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  2. Oh gosh, Rachel. Your parents’ friend must have known my aunt. When I was around 13, she was on Weight Watchers, also (was that a thing back then?).I went the same route as you–if less is great, even less than less must be better. I have seen a few photos of me back then and they are terrible. From there I went to a vegetarian lifestyle, then vegan, then back to vegetarian. Sorry, Cricket. No chicken at my house. 😦

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    • I remember sitting in those meetings with all of these adult women telling jokes I didn’t understand. And being weighed in public. It all gives me the shivers.

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    • Just curious, why did you go from vegan to vegetarian? It took me a long time to go vegan from vegi, on and off on and off. Now totally vegan and never looked back!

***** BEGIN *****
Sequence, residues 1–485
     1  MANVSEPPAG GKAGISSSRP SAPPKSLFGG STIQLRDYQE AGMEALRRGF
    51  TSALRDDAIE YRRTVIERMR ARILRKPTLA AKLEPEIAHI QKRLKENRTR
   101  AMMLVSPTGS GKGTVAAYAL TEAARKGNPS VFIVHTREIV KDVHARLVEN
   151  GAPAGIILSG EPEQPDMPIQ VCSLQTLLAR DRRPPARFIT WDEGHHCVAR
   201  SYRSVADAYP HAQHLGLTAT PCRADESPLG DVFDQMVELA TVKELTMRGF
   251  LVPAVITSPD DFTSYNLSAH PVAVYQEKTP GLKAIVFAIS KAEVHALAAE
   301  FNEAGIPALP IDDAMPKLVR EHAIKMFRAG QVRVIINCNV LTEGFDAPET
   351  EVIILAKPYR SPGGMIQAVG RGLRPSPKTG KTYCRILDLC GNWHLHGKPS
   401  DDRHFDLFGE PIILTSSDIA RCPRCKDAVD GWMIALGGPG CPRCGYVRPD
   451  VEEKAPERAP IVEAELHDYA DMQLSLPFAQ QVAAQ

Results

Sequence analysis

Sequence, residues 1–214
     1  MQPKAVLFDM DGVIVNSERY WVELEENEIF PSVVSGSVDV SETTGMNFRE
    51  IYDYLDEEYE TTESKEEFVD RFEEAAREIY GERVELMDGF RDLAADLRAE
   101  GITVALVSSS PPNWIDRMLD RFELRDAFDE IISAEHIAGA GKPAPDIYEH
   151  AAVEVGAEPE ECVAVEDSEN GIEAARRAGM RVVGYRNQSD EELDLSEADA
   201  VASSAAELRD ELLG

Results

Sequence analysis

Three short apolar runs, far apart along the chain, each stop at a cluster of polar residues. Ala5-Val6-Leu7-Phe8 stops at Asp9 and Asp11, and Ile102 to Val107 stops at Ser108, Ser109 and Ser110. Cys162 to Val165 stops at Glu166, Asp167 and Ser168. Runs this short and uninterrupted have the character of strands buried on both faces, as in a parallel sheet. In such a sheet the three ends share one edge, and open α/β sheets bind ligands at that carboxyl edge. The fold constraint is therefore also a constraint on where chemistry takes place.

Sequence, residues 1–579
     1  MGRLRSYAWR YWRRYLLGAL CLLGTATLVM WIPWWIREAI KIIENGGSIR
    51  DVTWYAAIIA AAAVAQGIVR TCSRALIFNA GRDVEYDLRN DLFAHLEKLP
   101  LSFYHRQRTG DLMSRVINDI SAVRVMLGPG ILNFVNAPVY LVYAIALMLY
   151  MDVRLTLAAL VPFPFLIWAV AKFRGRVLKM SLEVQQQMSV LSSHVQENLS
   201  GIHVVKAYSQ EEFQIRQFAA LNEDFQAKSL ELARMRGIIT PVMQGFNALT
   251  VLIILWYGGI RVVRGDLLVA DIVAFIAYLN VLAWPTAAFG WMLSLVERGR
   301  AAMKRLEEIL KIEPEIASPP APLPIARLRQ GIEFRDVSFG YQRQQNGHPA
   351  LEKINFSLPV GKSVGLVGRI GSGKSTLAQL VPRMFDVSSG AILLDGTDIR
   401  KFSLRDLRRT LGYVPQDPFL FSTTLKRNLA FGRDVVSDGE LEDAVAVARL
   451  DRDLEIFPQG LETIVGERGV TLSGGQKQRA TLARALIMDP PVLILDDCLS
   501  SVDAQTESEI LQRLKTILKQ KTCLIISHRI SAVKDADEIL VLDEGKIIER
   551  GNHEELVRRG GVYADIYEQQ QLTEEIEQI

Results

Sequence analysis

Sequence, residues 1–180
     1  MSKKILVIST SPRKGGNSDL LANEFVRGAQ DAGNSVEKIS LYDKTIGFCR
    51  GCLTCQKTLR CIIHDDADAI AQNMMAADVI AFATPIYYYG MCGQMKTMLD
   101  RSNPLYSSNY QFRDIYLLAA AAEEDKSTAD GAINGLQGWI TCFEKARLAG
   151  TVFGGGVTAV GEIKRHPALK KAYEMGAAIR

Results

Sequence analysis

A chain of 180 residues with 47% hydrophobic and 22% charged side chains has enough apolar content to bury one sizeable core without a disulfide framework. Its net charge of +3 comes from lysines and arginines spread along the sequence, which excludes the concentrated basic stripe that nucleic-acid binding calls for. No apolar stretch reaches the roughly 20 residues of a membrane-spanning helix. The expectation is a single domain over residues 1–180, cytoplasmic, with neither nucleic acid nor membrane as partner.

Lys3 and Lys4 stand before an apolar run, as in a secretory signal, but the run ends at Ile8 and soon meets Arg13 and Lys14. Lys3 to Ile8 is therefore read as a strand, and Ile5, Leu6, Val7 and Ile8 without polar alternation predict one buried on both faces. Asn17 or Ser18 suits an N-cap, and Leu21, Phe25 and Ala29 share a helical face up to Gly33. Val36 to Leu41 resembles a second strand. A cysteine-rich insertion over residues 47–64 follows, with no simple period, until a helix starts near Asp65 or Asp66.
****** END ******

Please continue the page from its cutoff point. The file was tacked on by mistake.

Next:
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      • I had been vegetarian for 40 years when I became vegan. But then I had some medical issues and totally lost my taste for vegan food–tofu, tempeh, vegan cheese….all tasted awful to me so I went back to vegetarian and have been happy every since. It was a matter of illness and taste buds not on the same page anymore.

      • Processed vegan food is not always great and certainly not necessary. I was a cheese and egg addict and switched them for hummus, avos, nut butters and pulses. Vegusto cheese is the best when cooked in dishes, just a bit pricey

  3. I’m now eating a lot of chicken and eggs too. For lunches at work, I now bring in a chicken thigh and that sustains me along with some nuts for the day until I get to dinner time. I’m enjoying a couple of eggs fried in a non-stick skillet each morning with the occasional foray into scrambled eggs or an omelet.